The explosion of e-commerce has created demand for industrial space that has never been as intense and sustained as it is now, sparking vast amounts of industrial development throughout the U.S. In 2017, 332 million square feet (MSF) of new industrial inventory delivered across the US, and nearly 405 MSF is expected to be delivered by year end 2018.
For the past seven years the US economy has undergone a significant structural shift in how goods and services are purchased and consumed. Instead of brick and mortar stores holding the merchandise until the consumer needs it, goods and services are now increasingly being purchased online. Retail e-commerce sales worldwide are forecast to nearly double between 2016 and 2020. Forty percent of internet users in the United States stated that they purchased items online several times per month, and twenty percent said they bought items or services online on a weekly basis. The effects of the e-commerce revolution have been substantial and wide ranging: from changing the structure and composition of the US labor market to changing the character of warehouse operations and requirements. E-commerce operations usually have higher employee counts—typically, two to three times more than traditional warehousing—and greater automation compared to typical distribution centers. Accordingly, modern warehouses require more parking, cross-docks, higher clear heights, and greater power demands than traditional warehouses. From a holistic perspective, regional and national companies are demanding their facilities meet social and safety obligations along with mandatory efficiency and cost controls. Building design, consequently, reaches beyond clear height and loading doors to include staff wellness, LEED certification, landscaping, and on-site water retention. Industrial tenants, moreover, are demanding greater efficiency from landlords and the buildings they occupy as the e-commerce revolution is applying significant downward pressure on costs.
To understand how landlords, users, and developers are trying to cope with warehouse demand in the e-commerce era in concrete terms, consider the markets of the Inland Empire, Los Angeles and Seattle—three of the leading industrial markets in the nation—as case studies. In contrast to the big box distribution centers with high clear heights—typically, a minimum of 32 ft or higher—which dominate the Inland Empire, what is most in demand in LA are “last-mile distribution” facilities. Throughout Los Angeles there is a significant contingent (i.e., over 240 MSF) of small (10K-50K SF) low clearance (18’-30’) buildings. The 10K-50K SF facilities are being leased to focus on swift throughput delivery using modern “pick-and-pack” racking systems rather than keeping high levels of inventory. Ceiling heights are not as important as accommodating a large number of delivery vans and ample parking for employees. The appetite for such spaces has transformed the fortunes of particular Class B and Class C properties which happen to be ideally situated. Once considered obsolete and irrelevant, they are now prized commodities in infill markets. 24’ to 30’ warehouses, while suitable for manufacturing, are hopelessly inadequate for the e-commerce platform. Although we have seen several successful examples of raising roofs, they do not work universally for e-commerce tenants.
While clear heights are of little consequence to last mile facilities, they are of paramount importance to new industrial developments. At a minimum, newly built industrial warehouses must have clear heights of 32-40ft or higher. Unfortunately, in infill markets such as Los Angeles or Seattle, land is scarce and the cost of construction is high, sometimes prohibitively so. As a result, it is simply not possible to build wide expansive distribution warehouses with clear heights meeting this requirement. The buildings just don’t pencil.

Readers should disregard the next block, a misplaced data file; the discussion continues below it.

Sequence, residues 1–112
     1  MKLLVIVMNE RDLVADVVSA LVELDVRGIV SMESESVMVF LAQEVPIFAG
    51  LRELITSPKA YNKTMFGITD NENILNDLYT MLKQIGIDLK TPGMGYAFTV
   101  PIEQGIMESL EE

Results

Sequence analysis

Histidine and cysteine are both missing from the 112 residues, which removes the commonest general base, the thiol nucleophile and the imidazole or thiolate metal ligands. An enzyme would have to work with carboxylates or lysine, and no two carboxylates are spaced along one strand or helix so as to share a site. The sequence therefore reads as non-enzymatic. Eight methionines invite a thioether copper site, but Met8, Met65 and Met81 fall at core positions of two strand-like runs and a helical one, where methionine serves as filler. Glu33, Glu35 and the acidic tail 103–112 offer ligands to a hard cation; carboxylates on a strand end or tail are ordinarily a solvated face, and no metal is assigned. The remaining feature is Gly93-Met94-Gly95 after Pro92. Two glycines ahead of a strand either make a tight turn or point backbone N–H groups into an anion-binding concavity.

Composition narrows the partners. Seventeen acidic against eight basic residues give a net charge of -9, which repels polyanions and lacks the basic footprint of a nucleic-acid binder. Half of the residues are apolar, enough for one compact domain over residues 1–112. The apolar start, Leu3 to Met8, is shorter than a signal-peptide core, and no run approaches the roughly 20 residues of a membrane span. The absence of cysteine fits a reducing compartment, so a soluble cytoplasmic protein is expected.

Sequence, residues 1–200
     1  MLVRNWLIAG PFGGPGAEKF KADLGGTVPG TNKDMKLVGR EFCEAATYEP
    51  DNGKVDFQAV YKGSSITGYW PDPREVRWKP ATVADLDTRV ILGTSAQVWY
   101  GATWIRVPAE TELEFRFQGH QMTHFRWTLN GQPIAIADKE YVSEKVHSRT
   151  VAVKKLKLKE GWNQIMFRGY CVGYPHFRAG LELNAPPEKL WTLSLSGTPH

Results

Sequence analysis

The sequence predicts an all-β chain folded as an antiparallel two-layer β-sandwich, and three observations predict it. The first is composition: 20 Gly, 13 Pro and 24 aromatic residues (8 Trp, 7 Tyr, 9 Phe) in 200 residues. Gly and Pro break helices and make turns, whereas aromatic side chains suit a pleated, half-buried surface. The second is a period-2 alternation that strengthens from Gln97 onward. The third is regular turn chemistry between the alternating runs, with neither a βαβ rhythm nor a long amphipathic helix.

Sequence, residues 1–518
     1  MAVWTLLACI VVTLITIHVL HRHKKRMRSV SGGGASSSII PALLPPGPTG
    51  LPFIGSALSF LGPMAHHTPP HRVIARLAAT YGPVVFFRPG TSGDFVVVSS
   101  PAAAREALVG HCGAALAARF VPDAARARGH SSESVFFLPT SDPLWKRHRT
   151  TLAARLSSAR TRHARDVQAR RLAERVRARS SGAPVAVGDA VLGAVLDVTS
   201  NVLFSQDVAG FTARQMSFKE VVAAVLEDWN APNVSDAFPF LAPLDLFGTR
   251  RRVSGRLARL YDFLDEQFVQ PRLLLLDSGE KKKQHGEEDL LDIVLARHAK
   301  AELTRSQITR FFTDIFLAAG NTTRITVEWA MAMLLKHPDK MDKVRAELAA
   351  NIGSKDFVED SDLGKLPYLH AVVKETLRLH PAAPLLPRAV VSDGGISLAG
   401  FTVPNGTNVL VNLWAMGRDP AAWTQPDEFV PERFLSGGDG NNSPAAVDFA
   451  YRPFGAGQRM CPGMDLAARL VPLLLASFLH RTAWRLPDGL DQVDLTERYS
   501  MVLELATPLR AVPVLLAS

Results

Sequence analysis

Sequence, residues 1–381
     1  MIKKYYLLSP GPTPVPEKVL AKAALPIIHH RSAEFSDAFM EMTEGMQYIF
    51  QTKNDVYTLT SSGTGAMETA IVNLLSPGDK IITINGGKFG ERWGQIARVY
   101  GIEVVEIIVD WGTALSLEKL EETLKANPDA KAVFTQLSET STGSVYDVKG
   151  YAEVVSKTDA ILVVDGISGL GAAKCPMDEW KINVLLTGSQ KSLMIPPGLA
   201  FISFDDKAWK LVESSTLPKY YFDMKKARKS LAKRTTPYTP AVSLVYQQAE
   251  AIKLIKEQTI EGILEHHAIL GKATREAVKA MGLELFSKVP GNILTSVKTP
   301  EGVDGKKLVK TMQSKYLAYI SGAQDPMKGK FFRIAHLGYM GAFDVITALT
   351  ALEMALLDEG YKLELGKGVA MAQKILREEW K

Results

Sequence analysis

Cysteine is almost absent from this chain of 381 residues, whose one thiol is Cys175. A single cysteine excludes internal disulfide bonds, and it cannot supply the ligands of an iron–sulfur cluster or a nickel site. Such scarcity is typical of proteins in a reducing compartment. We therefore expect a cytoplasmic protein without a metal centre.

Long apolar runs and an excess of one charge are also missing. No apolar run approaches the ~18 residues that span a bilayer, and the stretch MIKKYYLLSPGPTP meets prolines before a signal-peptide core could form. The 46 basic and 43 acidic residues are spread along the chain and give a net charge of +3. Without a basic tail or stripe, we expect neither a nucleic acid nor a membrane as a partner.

In response to these constraints, owners and developers in infill markets are using atypical construction measures in new developments to meet the demand. Rather than building out, they are building up.
Multi-story warehousing is not a new paradigm. From the turn of the century, multi-story warehouses flourished throughout American cities. However, over the past 50 years they were largely ignored. Prologis, one of the largest and most respected industrial landlords in the world, has significant experience in multi-story warehousing, having built 53 structures throughout Asia. At present, Prologis is eyeing densely populated, supply constrained cities within the US to expand their presence. Industrial architects in major markets are being asked to design multi-story facilities. Seattle, Washington is presently the first US city to announce a Prologis three-story, 589,615 square foot fulfillment center known as Georgetown Crossroads. It is the first “ground-up” multi-story development in the US. The multi-story facility will have ramps for truck access to second and third floor loading docks, plus a freight elevator. Brooklyn, NY is not far behind with a 400,000 SF project underway. Committing to a multi-story facility is no mean feat. It requires significant research and capital.
In contrast to the multi-story approach taken by Prologis, the owner-user of a site in the City of Industry is taking a different tack. As a manufacturer and retailer of heavy blankets and comforters, the owner is constructing a warehouse with a 60-foot clear height—all as one unified large slab. A development constructed in such a way is unheard of; indeed, to date, it is the only one known to exist. The building is expected to be up and operational by 2019. Although unique and radical in its construction and design, the building is simply another example of the monumental changes that intense industrial demand, wrought by e-commerce, is bringing about to the U.S. industrial sector.
Sources: Costar, Statistca.com, WSJ